Thursday, January 26, 2012

Stiffer penalties for sale of unregistered medicine

Liow Tiong Lai
Pahang Menteri Besar Datuk Seri Adnan Yaakob (2nd from right) Health Minister Datuk Seri Liow Tiong Lai (2nd from left) give a go at calligraphy at the CNY Open House organised by the Kuantan Tionghua societies in Kuantan.

The Health Ministry is considering the proposal of stiffer penalties, such as imprisonment, for those found guilty of selling unregistered medicine which endangered the public, said its minister Datuk Seri Liow Tiong Lai.

The ministry is amending several laws related to acts governing the sector, to protect consumers and take sterner action against those who breach regulations, he said.

"We're considering a prison sentence because penalties and compounds don't seem to be working," he said after visiting China Press reporter Chow Siew Chin, 26, who was robbed by an armed man near her office here, on Jan 24.

"Such medicine can be detrimental to the public and the law would send a warning message to people that they cannot simply sell unregistered medicine as they liked," he emphasised.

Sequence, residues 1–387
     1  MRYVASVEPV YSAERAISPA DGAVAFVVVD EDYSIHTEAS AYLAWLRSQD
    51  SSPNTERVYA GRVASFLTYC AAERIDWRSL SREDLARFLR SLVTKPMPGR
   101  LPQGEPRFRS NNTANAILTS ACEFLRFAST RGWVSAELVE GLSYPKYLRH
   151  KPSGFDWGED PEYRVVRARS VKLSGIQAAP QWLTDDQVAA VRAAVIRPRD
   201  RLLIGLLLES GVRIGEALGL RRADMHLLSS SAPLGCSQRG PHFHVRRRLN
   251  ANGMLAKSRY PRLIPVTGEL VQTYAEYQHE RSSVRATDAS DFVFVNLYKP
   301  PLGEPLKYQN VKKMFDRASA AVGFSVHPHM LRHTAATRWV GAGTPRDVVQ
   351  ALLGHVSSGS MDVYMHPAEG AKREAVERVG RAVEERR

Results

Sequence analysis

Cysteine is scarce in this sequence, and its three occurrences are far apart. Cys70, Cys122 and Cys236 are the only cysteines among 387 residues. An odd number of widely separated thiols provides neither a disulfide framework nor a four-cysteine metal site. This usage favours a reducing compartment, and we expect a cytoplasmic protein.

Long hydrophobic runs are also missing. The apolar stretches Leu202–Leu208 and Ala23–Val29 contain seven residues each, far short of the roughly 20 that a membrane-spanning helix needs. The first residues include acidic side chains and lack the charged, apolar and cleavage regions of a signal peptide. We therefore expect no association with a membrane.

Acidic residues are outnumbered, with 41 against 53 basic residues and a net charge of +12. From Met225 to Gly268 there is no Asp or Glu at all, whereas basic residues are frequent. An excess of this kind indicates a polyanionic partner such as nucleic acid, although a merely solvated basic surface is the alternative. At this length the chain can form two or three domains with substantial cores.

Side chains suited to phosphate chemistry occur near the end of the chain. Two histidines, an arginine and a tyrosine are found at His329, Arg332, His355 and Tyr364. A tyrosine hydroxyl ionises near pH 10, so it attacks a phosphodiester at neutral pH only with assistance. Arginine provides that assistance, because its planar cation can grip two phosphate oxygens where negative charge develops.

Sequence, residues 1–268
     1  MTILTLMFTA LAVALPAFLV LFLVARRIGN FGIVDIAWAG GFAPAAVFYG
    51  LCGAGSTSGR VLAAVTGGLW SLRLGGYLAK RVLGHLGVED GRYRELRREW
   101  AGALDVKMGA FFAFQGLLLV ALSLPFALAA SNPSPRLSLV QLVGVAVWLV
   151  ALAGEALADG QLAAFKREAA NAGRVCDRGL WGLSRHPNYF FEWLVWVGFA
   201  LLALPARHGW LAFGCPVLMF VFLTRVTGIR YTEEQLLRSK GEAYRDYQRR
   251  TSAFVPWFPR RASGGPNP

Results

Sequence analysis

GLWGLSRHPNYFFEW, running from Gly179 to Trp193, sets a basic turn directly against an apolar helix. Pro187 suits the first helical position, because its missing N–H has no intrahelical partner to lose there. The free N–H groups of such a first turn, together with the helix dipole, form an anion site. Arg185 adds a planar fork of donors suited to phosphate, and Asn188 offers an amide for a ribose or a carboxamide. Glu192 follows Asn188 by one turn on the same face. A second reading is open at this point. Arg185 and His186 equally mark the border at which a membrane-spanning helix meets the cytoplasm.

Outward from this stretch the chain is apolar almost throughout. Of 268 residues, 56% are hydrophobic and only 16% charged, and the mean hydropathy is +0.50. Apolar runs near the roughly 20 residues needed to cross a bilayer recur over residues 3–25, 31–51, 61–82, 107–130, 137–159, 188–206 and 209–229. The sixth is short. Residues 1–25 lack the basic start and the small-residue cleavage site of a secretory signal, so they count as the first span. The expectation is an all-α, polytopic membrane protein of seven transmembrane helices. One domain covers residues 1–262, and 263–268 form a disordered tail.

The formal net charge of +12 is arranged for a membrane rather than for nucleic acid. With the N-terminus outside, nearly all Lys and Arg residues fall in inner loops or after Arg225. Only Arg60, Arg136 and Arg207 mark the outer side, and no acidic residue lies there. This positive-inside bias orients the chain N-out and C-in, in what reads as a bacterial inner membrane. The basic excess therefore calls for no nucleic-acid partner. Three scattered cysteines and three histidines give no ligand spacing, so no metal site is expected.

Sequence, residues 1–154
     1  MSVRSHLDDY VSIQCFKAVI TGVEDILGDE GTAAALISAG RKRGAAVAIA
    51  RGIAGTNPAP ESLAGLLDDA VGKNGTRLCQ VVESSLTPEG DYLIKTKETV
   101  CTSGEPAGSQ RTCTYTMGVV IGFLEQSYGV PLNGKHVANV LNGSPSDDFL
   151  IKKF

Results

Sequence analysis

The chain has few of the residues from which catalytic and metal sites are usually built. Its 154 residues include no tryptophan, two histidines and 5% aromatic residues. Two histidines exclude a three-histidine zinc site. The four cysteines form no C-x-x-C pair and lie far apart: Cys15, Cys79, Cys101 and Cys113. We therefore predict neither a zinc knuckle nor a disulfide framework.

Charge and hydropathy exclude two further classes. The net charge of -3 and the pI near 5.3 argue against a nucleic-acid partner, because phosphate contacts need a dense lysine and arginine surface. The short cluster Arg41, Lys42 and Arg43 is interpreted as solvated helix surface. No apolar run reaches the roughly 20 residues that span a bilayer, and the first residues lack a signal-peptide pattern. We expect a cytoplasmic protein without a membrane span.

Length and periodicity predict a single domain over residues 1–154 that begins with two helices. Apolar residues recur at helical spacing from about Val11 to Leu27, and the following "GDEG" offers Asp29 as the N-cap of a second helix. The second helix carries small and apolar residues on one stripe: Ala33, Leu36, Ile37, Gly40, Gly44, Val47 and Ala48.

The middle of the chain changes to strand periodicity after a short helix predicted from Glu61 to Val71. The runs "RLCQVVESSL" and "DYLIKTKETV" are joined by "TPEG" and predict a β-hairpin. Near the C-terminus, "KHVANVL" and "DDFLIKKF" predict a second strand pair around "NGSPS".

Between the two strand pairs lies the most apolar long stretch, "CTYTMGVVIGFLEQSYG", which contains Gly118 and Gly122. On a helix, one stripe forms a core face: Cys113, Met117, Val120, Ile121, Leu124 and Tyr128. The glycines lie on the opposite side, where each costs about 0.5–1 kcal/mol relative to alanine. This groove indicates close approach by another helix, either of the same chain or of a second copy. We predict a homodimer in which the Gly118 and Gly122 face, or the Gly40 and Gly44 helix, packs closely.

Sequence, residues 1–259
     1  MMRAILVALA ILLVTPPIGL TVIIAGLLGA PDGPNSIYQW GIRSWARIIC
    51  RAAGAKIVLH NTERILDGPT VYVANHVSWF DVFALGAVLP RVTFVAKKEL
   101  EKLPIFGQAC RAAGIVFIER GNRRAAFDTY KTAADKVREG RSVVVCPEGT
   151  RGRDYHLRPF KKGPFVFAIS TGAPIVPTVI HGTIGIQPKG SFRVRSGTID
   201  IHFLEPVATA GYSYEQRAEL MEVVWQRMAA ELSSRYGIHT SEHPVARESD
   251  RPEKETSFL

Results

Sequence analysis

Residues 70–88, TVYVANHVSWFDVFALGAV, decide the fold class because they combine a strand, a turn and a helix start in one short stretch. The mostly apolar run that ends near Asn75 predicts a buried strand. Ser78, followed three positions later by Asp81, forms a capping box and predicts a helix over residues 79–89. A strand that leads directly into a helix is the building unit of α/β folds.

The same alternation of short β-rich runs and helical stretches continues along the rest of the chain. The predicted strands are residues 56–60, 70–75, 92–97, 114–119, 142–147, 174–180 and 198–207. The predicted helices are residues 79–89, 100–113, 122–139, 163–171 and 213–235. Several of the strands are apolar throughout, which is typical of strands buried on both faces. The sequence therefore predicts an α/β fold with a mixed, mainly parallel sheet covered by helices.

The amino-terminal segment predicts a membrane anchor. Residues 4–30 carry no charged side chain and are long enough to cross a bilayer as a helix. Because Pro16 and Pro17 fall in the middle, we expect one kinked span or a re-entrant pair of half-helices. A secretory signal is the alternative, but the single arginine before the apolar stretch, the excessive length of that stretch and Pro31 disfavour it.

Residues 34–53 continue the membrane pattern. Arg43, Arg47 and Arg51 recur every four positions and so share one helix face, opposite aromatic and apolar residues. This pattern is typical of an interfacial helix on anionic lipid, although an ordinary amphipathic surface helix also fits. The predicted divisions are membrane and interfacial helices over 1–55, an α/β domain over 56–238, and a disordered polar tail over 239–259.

Among the acts involved are Registration of Pharmacists Act 1951, Sale of Drugs Act 1952, Poisons Act, and Medicine (Advertisement and Sale) Act 1956.

He added that the amendments would be tabled in Parliament during the March sitting.

On another development, Liow said the 1Malaysia Clinic service was becoming more popular throughout the country, including Pahang.

The ministry would add five more clinics in the state, bringing the total to 12, to accomodate the number of patients who turned up daily, he said.

"We have 50 clinics nation wide and RM10 million has been allocated for the additional five in Pahang," said Liow.

During his visit, Liow motivated Chow with words of encouragement for her recovery and presented her with a personal contribution.

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